1 – 3 months: Turns his head to the side while lying on his back. Sudden movements and changes in posture are seen in the arms and legs. Arms are more active than legs. When it is read on the cheek or the corner of the mouth, it turns its head to the same side and tries to suck. When standing on a hard surface, he puts his feet on the ground, straightens the trunk and usually makes a forward walking motion. It turns its head and eyes towards the light source. Among the visual stimuli, the person looks at the face the most, and looks at the eye in the face. 2 month old baby learns to focus his gaze. Becomes startled by sudden noise or noise. She cries when she is hungry or restless, when she is not comfortable. It makes sounds when spoken. He turns his head to familiar sounds. Towards 5-6 weeks, it is seen that social smiling and vocal expressions in the form of reaction develop. During the first 2 months, the baby develops similar reactions indiscriminately towards anyone in sight or holding him. It is sensitive to sounds, pays attention to faces, shows interest. Towards the end of the first month, the baby takes his hand to his mouth and sucks his thumb. Mouth responses are fused with hand responses. A behavior that the baby has achieved by chance 1.-4. It is seen that it recurs continuously between months. He follows the moving shapes with his eyes. Holds head upright when picked up. Raises head when lying face down. While sitting on the lap, he turns his head and looks around. When he is held in his lap, he is quiet and calm. When the breast approaches, it opens its mouth. He watches his hands while lying on his back. She responds when she smiles.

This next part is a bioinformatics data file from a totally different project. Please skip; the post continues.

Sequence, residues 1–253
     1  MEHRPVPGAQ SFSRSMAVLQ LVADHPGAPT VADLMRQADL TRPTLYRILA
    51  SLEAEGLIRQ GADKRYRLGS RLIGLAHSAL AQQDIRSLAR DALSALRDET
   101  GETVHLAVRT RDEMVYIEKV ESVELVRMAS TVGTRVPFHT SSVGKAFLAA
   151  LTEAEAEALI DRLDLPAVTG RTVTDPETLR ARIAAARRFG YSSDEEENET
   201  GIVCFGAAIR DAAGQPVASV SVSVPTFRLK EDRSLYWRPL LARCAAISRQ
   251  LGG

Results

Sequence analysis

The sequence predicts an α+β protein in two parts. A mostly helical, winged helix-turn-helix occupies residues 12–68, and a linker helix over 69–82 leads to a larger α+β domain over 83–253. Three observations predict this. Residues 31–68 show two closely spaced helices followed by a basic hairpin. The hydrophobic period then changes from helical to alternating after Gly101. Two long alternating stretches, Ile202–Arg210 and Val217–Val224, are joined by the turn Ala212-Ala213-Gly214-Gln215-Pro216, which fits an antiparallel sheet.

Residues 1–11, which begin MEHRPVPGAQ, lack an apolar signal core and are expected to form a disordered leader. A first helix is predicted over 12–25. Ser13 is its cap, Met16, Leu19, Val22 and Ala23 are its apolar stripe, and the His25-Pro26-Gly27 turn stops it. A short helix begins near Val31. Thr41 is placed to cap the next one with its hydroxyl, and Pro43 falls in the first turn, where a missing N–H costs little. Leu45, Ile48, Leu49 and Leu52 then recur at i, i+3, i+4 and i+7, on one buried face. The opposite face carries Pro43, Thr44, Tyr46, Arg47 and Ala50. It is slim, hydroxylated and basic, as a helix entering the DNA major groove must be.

3 – 6 months: Prefers to lie on the back with the head in the middle. Arms and legs bend more easily, movements are more regular. By 3 months, the baby is no longer concerned with where the object is, but with what it is. It tries to recognize the object. When the baby is 3 months old, he can distinguish his mother’s face from other faces. He is intensely interested in the face of the person close to him. Follows adult movements that enter the field of view. He holds the rattle given to his hand for a few minutes and can bring it close to his face. In the prone position, he can raise his head to form a 90° angle. Makes sounds other than crying by itself or while feeding. Laughs out loud without being tickled or touched. Reaches for things. He takes things and looks at them. He brings the object in his hand to his mouth. He passes the rattle from one hand to the other. Holds the toy where it can reach. He takes the cubes placed in front of him. He shows his love by hugging his parents.